The winger made a breakthrough during the 2003/04 season, finishing the campaign with the only goal in a 1-0 win at Ibrox. He became a key member of the squad the following year, playing in big European nights against Basel and Braga.
When things began to change at Tynecastle in the summer of 2005, he followed Craig Levein and former Hearts team-mates to Leicester City.
Nearly 16 years later and Hamill is still playing.
In a recent friendly against Tollcross Thistle, he was dictating play in the middle of the park for Haddington Athletic. In addition, he is also manager of the East Lothian club who play in the East of Scotland Football League 1st Division Conference A, step seven on the pyramid.
A position he has held for nearly four years.
But it wasn’t the one he originally planned for having followed David McGlynn to the Hi-Hi’s from Bonnyrigg Rose via Linlithgow Rose in search of coaching experience under the well-known junior football manager.
It wasn’t until a surprise exit for McGlynn presented Hamill with the chance to really get his teeth into coaching.
"The committee had a meeting, spoke to me and asked if I would like the chance to manage the team. I didn’t hesitate.
“I’m loving it. What makes it a lot easier are the players.
"When you’ve got the committee behind you, the coaching staff that you’ve worked with [Scott Bonar and David Simmonds], it just makes your life easier and you enjoy it.
"So far it’s been a pleasure.”
Sticking to his word
Of the 11 players who started for Hearts that evening in Basel, it is only Hamill and current boss Robbie Neilson operating as a head coach.
Hamill has sought some influence from his former coach John McGlynn someone he calls “one of the good guys”, but it is not a regular occurrence.
A self-confessed “journeyman”, he has taken his own path in management, using his own experiences as a player to shape how he is as a boss.
"There were a few managers I worked under where I said I’d never do that with the players if I became a coach," Hamill said. “And I’ve stuck to my word.
"I think the management style has moved on from old school. We don’t say much from the side. We don’t scream and shout.
"Everybody’s different, players react differently but we just feel a word with them at half-time, a word with them on a Tuesday after a game rather than screaming and shouting at them on the pitch.
"Players know when they’ve made a mistake or had a bad game so why do you need to be right down their throat and maybe put them in their shell more.
“We try to encourage them and get them out the wee rut they’re having.
"I’ve been there as well. Sometimes you just don’t want the ball anymore, you just want to hide.”
Across his four years as head coach he has built a young, talented team designed to play positive, patient football, going against a more simple and, what could be perceived by some at that level, effective approach.
It has been one of Hamill’s key challenges. To get those above him to buy into the vision, while building a side who can play it.
“The way we want to play football, it is not back to front stuff, it’s about patience, keeping the ball, movement," he said.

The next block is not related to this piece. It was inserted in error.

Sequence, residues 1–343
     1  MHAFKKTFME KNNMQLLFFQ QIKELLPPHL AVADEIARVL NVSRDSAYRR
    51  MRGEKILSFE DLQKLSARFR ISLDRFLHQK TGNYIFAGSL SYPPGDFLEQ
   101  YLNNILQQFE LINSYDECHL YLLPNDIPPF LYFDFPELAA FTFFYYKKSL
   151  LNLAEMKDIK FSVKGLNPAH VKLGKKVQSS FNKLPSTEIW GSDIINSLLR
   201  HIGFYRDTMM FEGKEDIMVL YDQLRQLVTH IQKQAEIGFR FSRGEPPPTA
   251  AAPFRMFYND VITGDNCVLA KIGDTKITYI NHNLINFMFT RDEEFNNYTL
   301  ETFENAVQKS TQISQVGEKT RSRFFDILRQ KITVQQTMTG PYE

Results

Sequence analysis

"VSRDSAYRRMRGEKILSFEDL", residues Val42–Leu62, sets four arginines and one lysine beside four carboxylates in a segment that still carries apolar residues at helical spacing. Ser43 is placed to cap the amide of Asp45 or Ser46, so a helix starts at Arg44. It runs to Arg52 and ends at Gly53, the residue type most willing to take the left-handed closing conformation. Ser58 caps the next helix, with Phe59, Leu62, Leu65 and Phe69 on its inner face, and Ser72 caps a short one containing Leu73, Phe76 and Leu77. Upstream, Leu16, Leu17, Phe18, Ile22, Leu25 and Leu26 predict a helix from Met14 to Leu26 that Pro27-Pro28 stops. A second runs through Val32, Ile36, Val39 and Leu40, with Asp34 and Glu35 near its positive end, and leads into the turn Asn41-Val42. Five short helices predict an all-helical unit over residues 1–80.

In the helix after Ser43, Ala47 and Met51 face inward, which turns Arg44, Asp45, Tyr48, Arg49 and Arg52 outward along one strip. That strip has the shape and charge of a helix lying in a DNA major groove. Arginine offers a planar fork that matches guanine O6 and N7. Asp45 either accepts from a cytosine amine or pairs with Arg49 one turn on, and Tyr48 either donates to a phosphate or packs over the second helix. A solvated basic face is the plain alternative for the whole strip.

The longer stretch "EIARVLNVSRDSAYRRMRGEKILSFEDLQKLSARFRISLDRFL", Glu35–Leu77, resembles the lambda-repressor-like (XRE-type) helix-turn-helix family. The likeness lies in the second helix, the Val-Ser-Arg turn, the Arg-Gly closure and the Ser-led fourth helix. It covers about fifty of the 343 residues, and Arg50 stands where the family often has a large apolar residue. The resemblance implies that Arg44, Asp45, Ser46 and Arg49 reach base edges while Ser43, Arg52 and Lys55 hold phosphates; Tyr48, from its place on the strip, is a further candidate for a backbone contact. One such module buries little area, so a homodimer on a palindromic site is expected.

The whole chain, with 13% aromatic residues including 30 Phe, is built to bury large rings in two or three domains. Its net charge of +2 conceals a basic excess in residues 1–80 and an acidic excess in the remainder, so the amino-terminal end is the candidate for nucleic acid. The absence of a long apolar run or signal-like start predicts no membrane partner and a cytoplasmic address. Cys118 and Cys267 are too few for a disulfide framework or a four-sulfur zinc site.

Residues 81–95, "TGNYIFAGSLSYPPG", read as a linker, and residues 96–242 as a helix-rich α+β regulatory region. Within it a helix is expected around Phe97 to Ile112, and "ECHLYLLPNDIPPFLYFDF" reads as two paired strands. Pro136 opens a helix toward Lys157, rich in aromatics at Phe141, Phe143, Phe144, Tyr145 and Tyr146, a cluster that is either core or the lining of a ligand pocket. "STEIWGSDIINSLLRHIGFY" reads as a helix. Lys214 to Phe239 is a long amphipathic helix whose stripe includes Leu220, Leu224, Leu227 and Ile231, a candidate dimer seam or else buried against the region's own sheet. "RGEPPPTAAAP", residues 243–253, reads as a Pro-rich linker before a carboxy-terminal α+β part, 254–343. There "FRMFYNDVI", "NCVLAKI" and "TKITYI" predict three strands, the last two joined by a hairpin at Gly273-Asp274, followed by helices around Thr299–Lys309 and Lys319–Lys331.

“We want to keep the ball more, get our patterns going. They’ve done it, the players have bought into it. There will be bad times but everyone needs to stick together.”
It is working.
Haddington are on an upward path under Hamill, Bonar and Simmonds.
Before the league campaign ended early, the Hi-Hi’s sat unbeaten in second. And they made waves in the club's first ever foray into the Scottish Cup.
Until Brora defeated Hearts, Haddington's 3-2 victory over Lowland League BSC Glasgow may well have been the shock of the tournament.
Hamill had to watch on from the small club house in the narrow home defeat to Formartine United in the next round due to suspension.
“That’s memories,” he said. “We were getting changed in a gym hall. It will live with the players forever. It was unreal.
"Moments like that, everyone’s together, everyone’s in it. The effort from everybody was tremendous.
“BSC were a very, very good side. It was meant to be, just amazing.
“It’s financially rewarding as well.
"We have got a couple of main sponsors. We rely on lottery money, going about pubs and trying to get people to sponsor us so any money for the club is brilliant.”
Hamill, who is still going through the different coaching badges, is not short of ambition for himself and the club. He wants to manage in the SPFL. But he also wants to take Haddington there.
If he was to lead the Hi-Hi’s, who play in a rugby town, to three promotions it would be a feat which would rival any other in domestic football in Scotland.
“We’ve got a plan, where we want to go and that’s why we have got younger kids who have ability and want to learn," he said.
"If we stick with it we’re confident we can do something with the team, take it up leagues.
"I know it’s pie in the sky stuff some people may think. Why can’t we?
"The committee, the effort people have put in to get this club where it is, it’s incredible.
"The amount of new houses getting built in the town, we are trying to create a huge family community club.
"That’s the aim but if you’ve not got that and you are just happy where you are then what’s the point being a player or coach if you are not wanting to better yourself.
"We’ve got potential.”